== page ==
Be skeptical of people in power. Like many others, I believe that Franklin D. Roosevelt was one of the best presidents the United States has ever had. Perhaps the title of H.W. Brands’s fine biography of FDR is a bit hyperbolic: A Traitor to His Class: The Privileged Life and Radical Presidency of Franklin Delano Roosevelt, especially the use of the word “radical.” Still, Roosevelt’s New Deal, with all its limitations, moved the American state in a humane direction as much as just about any other presidency before and since. Nonetheless, as we have seen, Roosevelt probably more than any other person set in motion the dynamics that led to total war leading to Cold War leading to war on terrorism leading to the abyss. The lesson for peacemakers should be one of intense skepticism towards people in power. We should always assume the worst about what those in office say and do—things are almost always worse than they seem. We should never give people in power the benefit of the doubt, but treat what they say critically and require strong evidence of actual peaceable action before offering strong support.
Build communities of resistance. The flip side of skepticism toward people in power and the refusal to give consent to the National Security State is the need to cultivate communities of resistance. The work of creating space to be human generally is work that requires a critical mass of people to sustain the work in face of hostility from the System. Back in World War II, the people in the U.S. who most consistently said no to the War and most steadfastly refused to support the war effort were communities of Mennonites. Though these communities had little political awareness and did not see themselves as directly challenging the policies of their government, they did sustain their resistance to participation in the War through consistent education of community members concerning their core convictions, through material support for those who performed alternative service at great financial cost to themselves, and through clear communication to the government and outside world that they would not compromise on their priorities regardless of the cost.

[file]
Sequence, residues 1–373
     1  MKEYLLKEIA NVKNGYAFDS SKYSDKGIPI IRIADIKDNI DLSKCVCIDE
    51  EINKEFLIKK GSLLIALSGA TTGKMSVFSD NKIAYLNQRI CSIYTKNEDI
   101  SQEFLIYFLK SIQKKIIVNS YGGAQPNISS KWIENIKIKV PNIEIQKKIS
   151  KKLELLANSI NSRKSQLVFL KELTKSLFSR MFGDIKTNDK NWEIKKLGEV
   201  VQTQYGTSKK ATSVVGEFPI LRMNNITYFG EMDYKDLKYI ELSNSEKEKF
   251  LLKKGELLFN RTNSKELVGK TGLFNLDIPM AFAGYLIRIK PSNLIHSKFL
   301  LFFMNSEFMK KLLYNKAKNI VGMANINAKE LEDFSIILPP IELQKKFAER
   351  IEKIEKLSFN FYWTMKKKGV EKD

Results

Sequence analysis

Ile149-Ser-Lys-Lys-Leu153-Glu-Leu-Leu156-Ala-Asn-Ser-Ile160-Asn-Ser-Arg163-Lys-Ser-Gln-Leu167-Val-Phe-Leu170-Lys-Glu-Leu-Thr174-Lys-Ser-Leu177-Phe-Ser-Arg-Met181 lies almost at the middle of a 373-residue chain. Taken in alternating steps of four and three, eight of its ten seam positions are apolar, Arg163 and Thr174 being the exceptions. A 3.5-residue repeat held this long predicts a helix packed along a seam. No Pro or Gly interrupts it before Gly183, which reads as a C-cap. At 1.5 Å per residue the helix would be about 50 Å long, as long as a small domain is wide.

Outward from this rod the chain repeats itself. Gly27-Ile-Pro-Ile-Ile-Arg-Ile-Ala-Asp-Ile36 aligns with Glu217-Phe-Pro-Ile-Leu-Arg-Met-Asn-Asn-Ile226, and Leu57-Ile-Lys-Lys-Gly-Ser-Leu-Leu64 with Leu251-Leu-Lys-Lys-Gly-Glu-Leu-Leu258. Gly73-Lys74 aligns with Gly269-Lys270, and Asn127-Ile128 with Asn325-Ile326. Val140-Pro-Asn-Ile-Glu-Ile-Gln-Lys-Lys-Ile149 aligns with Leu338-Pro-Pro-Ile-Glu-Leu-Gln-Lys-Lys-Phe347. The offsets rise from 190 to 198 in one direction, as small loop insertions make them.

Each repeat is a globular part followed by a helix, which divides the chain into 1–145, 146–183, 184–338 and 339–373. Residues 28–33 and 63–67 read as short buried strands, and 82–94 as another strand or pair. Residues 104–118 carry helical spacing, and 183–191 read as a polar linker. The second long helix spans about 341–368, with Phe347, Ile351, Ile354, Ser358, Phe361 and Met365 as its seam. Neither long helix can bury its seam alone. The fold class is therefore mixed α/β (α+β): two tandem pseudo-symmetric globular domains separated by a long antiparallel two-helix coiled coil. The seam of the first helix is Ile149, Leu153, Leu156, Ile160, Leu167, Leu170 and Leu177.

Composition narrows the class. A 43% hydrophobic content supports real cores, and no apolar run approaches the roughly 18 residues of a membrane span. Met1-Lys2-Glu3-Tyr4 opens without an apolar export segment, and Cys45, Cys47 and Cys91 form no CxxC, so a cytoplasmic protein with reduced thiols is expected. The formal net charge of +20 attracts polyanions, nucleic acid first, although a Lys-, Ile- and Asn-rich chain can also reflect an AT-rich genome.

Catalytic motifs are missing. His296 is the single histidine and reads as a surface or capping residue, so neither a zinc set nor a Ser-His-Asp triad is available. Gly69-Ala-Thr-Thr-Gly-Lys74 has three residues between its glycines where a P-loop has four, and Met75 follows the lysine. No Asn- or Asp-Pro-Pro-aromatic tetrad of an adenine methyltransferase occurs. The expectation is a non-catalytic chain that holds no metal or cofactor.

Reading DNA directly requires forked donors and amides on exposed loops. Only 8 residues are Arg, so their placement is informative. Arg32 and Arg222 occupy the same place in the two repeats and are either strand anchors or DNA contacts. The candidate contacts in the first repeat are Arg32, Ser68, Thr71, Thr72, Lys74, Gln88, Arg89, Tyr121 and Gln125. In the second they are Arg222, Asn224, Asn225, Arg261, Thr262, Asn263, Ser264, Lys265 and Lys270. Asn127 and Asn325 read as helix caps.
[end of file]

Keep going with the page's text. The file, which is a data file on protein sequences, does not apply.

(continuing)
Prevent tyranny rather than war against it. The best answer to the standard “what about Hitler” question that is commonly thrown at peacemakers is surely to say that what is needed is work to prevent a Hitler from coming into power again. The idea that the best response to the Hitler question is to prepare militarily is to ignore the past seven decades where we have seen a gradual expansion of the spirit of militarism (one of the main elements of Nazism) in the name of stopping the next Hitler. This gives Hitler a posthumous victory. Instead, the best lesson to learn from World War II is that the conditions that made Hitler possible must be prevented through self-determination and disarmament. Perhaps the Atlantic Charter was mainly a cynical exercise in wartime propaganda and self-righteousness, but the ideals it expressed nonetheless provide one of our best blueprints for preventing the need for such exercises in cynical propaganda—that is, for preventing the quest for “peace” through total war.
Treat all life as precious. Resolve never to minimize the conviction that all of life is precious. Perhaps the greatest moral legacy of World War II was the practical repudiation of that conviction. The biggest cost of such a war was the loss of the sense of human solidarity, that we are all together precious beings who should be treated with respect and care. As a direct consequence of this War, as we have seen, the U.S. has embarked on a still accelerating process of diminishing the value of human beings by creating and deploying weapons of unimaginable mass destruction and seeking domination around the world as the cost of millions upon millions of direct deaths as a result of America’s wars—all fought for unjust causes using unjust means. An unwavering commitment to the preciousness of all life provides a powerful interpretive key for understanding and responding to America’s National Security State with clarity, conviction, and resolve.
 This story is told in Ted Grimsrud, “An Ethical Analysis of World War II Conscientious Objection,” Ph. D. dissertation, Graduate Theological Union, 1988.